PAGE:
Milky Way's Supermassive Black Hole to Light Up in 2013?

  • #1
chemisttree
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As far as I know, the only evidence of a supermassive black hole (SMBH) at the center of our Milky Way has been it's gravitational effect on stars that zip around near the center of our galaxy and a radio signature. That's about to change in 2013 when a stream of ionized dust and gas begin it's death spiral into the void. It should be really cool to see our very own SMBH transform from the invisible monster it is into a brightly lit monster! Hopefully it will be bright enough to see visually.

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  • #2
Drakkith
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WoooO! Should be quite a show! If you can see in the radio or microwave spectrum at least.
 
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  • #3
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Unfortunately, we can't see anything in the center of our galaxy in the visual wavelength. There's too much dust in the way.
 
  • #4
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So we'll be capturing using audio waves and then interpreting? Or would the dust interfere with audio too?
 
  • #5
Drakkith
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So we'll be capturing using audio waves and then interpreting? Or would the dust interfere with audio too?
Sound waves cannot propagate through space, the density is way too low for that. Since we can't "see" it, meaning we cant image it in visible light, we have to look in other wavelengths such as Infrared or Radio where the longer wavelengths allow the light to pass through the dust relatively unimpeded.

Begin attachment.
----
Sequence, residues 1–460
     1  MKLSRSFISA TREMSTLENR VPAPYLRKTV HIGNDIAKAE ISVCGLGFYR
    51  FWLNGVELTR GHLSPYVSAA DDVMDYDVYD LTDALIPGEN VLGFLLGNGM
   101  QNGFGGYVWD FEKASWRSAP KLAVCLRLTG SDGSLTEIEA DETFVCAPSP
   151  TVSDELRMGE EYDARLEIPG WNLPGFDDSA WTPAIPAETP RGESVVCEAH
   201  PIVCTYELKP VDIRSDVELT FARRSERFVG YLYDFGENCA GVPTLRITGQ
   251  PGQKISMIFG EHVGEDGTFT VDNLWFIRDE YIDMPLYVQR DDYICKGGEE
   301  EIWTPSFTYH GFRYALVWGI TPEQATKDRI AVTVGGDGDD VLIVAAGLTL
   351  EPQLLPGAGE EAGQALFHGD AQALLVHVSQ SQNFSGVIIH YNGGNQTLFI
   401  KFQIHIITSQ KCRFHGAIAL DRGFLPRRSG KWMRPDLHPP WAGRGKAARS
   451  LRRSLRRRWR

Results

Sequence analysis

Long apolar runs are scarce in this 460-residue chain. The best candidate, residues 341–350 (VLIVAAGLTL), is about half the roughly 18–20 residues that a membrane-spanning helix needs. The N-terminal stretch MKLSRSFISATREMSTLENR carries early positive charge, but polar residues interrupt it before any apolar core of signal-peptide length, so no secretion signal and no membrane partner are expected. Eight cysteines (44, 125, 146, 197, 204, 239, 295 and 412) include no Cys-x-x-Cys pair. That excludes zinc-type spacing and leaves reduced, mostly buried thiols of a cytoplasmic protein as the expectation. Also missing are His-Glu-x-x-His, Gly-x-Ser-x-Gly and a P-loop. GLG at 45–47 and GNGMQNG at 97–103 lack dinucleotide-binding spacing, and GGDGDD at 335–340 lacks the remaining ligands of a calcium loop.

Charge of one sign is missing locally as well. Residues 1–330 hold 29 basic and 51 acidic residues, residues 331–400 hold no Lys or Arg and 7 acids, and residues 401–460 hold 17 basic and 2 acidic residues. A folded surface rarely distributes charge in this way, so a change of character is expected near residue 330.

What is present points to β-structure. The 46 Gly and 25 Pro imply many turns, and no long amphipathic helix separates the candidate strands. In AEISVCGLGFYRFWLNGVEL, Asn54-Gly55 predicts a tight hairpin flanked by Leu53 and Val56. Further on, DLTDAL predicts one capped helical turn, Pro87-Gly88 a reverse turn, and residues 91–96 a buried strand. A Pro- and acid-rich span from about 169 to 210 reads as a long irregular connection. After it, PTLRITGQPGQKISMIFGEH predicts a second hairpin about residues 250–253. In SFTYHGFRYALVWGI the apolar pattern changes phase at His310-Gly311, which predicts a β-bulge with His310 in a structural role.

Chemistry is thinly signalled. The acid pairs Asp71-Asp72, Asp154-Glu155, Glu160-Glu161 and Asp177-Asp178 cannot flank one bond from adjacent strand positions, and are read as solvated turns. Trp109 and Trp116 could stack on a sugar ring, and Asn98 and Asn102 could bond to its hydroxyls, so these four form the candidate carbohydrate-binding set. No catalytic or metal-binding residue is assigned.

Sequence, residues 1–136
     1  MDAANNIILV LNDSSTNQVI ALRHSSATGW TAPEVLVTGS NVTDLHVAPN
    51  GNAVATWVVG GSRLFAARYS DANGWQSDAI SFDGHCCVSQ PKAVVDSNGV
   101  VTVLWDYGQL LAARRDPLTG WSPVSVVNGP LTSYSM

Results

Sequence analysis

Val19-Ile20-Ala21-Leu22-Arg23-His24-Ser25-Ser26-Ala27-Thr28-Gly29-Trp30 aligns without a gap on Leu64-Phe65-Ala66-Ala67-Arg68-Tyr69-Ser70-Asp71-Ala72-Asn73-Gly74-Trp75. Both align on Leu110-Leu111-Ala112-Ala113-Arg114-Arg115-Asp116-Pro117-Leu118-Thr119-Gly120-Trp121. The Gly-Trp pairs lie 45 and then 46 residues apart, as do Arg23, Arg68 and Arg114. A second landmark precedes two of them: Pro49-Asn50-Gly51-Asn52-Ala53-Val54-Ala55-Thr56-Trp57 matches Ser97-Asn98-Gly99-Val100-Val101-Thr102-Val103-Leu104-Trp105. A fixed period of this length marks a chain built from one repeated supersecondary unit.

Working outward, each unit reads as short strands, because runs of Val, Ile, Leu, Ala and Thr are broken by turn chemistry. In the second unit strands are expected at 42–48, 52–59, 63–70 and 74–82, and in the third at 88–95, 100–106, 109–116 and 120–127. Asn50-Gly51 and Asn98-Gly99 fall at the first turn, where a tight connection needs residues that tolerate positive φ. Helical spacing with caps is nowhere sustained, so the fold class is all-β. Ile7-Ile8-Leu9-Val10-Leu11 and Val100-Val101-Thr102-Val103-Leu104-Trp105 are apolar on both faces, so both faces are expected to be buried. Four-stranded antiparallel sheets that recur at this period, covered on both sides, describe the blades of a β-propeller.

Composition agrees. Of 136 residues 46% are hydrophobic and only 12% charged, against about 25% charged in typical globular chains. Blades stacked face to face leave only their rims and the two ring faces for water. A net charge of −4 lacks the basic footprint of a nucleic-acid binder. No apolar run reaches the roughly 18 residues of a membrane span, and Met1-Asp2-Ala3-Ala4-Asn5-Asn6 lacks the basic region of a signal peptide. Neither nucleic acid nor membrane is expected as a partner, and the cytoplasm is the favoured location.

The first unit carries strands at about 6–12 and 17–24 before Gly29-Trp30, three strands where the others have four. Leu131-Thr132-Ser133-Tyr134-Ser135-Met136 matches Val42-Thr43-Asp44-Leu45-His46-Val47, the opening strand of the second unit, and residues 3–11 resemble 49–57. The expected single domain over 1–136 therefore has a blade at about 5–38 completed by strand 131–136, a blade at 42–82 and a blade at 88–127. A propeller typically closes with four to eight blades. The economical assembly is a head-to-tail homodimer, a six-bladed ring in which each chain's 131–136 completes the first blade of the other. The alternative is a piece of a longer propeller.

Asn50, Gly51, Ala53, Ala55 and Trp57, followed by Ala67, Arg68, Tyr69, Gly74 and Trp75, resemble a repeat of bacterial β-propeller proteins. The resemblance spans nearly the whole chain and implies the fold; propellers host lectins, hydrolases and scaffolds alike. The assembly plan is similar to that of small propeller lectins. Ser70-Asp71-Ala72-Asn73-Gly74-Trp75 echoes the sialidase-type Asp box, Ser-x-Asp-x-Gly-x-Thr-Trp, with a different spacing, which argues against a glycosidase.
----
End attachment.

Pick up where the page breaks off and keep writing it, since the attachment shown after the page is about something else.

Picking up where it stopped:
• #6
actually,,,why doesn't the black hole form visible light rays while engulfing these dust?
 
  • #7
Drakkith
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actually,,,why doesn't the black hole form visible light rays while engulfing these dust?
The matter from the accretion disk does generate light as it heats up while falling in. The light is blocked by dust in between us and the black hole. This dust is mostly in the spiral arms, not right next to the black hole.
 
  • #8
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Sound waves cannot propagate through space, the density is way too low for that. Since we can't "see" it, meaning we cant image it in visible light, we have to look in other wavelengths such as Infrared or Radio where the longer wavelengths allow the light to pass through the dust relatively unimpeded.
Actually, I remember reading about a kind of sound wave in space, or at leas the interstellar medium. The shock waves formed by supernovae are so large that the difference between the average density of the interstellar medium and the surface area of the shock wave would be comparable to sound waves on a human scale in a more dense medium.

...or something like that, sadly I don't remember where I read this :(
 
  • #9
Drakkith
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I remember reading something similar I think, but I'm betting that it isn't what most would consider "propagation of a sound wave".
 
  • #10
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I heard about the gas cloud. Its funny to think that it already happened thousands of years ago
 

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